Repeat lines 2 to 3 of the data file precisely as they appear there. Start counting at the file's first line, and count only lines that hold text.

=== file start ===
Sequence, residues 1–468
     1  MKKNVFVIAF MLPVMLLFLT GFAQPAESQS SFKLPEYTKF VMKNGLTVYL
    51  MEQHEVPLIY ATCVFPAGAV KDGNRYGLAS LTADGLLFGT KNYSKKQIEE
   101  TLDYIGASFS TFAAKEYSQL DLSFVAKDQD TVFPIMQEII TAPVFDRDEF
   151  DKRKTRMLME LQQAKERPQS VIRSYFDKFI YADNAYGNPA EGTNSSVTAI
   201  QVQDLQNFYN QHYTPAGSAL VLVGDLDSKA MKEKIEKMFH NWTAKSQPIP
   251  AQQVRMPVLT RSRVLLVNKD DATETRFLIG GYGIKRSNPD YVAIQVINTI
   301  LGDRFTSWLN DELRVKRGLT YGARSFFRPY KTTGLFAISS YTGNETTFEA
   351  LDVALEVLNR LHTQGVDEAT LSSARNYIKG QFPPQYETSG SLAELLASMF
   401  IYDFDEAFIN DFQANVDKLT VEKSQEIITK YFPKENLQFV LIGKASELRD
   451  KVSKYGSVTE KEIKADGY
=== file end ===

     1  MKKNVFVIAF MLPVMLLFLT GFAQPAESQS SFKLPEYTKF VMKNGLTVYL
    51  MEQHEVPLIY ATCVFPAGAV KDGNRYGLAS LTADGLLFGT KNYSKKQIEE